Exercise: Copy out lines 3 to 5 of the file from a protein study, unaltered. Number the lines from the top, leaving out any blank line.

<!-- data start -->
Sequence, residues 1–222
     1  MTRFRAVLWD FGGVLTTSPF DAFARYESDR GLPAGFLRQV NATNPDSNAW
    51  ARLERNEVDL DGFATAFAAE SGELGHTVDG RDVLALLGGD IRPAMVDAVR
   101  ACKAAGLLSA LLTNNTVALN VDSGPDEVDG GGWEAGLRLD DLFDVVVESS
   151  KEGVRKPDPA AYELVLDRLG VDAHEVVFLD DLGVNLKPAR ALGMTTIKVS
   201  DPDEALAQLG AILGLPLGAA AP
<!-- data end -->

    51  ARLERNEVDL DGFATAFAAE SGELGHTVDG RDVLALLGGD IRPAMVDAVR
   101  ACKAAGLLSA LLTNNTVALN VDSGPDEVDG GGWEAGLRLD DLFDVVVESS
   151  KEGVRKPDPA AYELVLDRLG VDAHEVVFLD DLGVNLKPAR ALGMTTIKVS